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  • If the chemical changes which occur in the cell were allowed to take place in a closed vessel without the performance of electrical or other work, the change in energy would be measured by the heat evolved.
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  • Since the final state of the system would be the same as in the actual processes of the cell, the same amount of heat must give a measure of the change in internal energy when the cell is in action.
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  • Thus, if L denote the heat corresponding with the chemical changes associated with unit electric transfer, Le will be the heat corresponding with an electric transfer e, and will also be equal to the change in internal energy of the cell.
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  • Hence we get the equation Ee = Le +Te (dE/dT) or E = L+T(dE/dT), as a particular case of the general thermodynamic equation of available energy.
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  • In the latter case, the tendency of the metal to dissolve in the more dilute solution is greater than its tendency to dissolve in the more concentrated solution, and thus there is a decrease in available energy when metal dissolves in the dilute solution and separates in equivalent quantity from the concentrated solution.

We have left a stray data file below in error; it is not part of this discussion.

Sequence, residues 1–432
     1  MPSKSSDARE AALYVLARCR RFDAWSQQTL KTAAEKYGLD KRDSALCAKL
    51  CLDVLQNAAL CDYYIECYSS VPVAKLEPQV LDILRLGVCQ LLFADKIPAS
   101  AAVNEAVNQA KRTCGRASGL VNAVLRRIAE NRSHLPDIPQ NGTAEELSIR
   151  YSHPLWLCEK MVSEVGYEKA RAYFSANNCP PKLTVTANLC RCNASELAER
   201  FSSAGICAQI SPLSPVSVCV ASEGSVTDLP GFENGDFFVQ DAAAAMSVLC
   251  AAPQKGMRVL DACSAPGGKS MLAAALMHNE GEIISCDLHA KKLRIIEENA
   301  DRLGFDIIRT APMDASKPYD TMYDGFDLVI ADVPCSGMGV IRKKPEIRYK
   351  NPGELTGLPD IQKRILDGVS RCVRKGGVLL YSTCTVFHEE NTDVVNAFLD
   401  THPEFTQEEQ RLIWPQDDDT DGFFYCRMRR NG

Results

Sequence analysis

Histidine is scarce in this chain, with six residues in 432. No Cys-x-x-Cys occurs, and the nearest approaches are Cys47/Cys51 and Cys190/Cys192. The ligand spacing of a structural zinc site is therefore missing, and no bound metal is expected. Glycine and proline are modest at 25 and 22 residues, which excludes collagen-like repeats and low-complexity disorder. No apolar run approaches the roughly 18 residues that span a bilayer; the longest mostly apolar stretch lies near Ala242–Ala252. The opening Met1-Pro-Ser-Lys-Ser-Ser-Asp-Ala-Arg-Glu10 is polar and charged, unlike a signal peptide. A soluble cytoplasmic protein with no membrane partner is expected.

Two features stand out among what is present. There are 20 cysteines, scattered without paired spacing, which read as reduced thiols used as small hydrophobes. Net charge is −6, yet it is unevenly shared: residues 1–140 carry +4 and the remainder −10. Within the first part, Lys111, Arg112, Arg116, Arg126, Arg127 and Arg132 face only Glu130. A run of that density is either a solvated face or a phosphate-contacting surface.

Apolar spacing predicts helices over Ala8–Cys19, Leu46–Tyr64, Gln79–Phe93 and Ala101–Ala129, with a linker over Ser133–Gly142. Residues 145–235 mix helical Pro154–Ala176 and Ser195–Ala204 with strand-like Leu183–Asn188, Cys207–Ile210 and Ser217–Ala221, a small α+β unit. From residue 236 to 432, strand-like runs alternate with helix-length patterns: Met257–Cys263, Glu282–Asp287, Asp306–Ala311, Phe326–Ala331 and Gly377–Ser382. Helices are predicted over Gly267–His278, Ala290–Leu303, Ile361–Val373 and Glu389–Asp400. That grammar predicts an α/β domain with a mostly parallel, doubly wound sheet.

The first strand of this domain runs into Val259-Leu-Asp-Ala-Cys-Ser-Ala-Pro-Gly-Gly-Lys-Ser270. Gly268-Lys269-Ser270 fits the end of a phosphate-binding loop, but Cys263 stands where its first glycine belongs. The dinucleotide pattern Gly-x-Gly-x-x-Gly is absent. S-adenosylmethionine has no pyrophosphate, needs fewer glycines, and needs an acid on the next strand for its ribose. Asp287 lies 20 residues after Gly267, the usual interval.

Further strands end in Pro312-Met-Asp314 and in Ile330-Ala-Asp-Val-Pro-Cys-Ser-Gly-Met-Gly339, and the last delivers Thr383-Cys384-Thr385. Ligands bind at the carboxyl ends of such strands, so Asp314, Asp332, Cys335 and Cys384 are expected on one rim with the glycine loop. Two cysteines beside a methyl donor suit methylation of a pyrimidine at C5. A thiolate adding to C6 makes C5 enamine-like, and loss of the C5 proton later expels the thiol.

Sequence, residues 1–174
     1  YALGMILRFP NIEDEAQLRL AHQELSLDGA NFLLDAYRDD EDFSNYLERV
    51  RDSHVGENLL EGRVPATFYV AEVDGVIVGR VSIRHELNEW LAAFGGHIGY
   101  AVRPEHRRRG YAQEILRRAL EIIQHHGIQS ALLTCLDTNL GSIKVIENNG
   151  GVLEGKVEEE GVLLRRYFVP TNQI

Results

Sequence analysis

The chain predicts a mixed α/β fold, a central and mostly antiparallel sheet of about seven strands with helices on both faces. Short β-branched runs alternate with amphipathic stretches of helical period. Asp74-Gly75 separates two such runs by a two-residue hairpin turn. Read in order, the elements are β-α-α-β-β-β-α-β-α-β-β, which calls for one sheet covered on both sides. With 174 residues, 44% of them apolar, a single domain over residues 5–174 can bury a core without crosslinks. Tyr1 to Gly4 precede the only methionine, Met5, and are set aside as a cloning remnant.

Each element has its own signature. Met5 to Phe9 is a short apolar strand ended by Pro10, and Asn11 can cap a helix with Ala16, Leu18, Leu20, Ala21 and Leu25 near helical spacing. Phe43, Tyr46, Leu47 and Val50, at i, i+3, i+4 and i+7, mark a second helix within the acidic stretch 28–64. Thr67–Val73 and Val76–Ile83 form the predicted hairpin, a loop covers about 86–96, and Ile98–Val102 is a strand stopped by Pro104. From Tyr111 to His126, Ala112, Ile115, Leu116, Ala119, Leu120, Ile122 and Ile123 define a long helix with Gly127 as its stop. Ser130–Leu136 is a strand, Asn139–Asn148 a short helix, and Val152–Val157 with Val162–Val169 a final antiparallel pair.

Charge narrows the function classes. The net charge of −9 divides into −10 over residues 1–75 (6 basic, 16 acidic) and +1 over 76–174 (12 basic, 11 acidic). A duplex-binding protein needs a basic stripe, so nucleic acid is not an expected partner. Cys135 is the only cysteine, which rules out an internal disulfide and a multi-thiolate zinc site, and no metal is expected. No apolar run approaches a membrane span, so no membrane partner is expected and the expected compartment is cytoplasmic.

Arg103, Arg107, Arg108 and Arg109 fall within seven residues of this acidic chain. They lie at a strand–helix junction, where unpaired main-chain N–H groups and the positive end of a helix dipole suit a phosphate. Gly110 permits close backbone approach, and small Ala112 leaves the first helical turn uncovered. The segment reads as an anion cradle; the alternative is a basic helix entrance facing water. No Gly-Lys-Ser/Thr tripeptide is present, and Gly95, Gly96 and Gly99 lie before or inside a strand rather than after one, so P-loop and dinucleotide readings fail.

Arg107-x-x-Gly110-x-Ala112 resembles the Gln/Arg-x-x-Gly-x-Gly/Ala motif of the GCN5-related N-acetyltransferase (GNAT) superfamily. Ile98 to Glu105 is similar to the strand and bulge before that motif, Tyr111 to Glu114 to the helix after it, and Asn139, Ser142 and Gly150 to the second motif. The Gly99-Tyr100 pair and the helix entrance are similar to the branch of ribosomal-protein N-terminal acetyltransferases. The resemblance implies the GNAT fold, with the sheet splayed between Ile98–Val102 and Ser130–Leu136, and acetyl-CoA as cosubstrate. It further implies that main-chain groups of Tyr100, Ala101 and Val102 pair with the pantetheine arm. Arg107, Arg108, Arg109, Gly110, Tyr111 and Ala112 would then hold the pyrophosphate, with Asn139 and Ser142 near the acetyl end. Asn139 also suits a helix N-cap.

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  • An electromotive force is therefore set up in this direction, and, if we can calculate the change in available energy due to the processes of the cell, we can foretell the value of the electromotive force.
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  • Once more we see that it is the total impending change in the available energy of the system which controls the electromotive force.
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  • But the government and the people displayed a memorable and exemplary energy, under the constant supervision of the king, the queen, and burgomaster Nansen.
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  • Forces acting on a Small Body in the Magnetic Field.-If a small magnet of length ds and pole-strength m is brought into a magnetic field such that the values of the magnetic potential at the negative and positive poles respectively are V 1 and the work done upon the magnet, and therefore its potential energy, will be W =m(V2-Vi) =mdV, which may be written W =m d s- = M d v= - MHo = - vIHo, ds ds where M is the moment of the magnet, v the volume, I the magnetization, and Ho the magnetic force along ds.
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  • Hopkinson pointed out that the greatest dissipation of energy which can be caused by a to-and-fro reversal is approximately represented by Coercive force X maximum induction fir.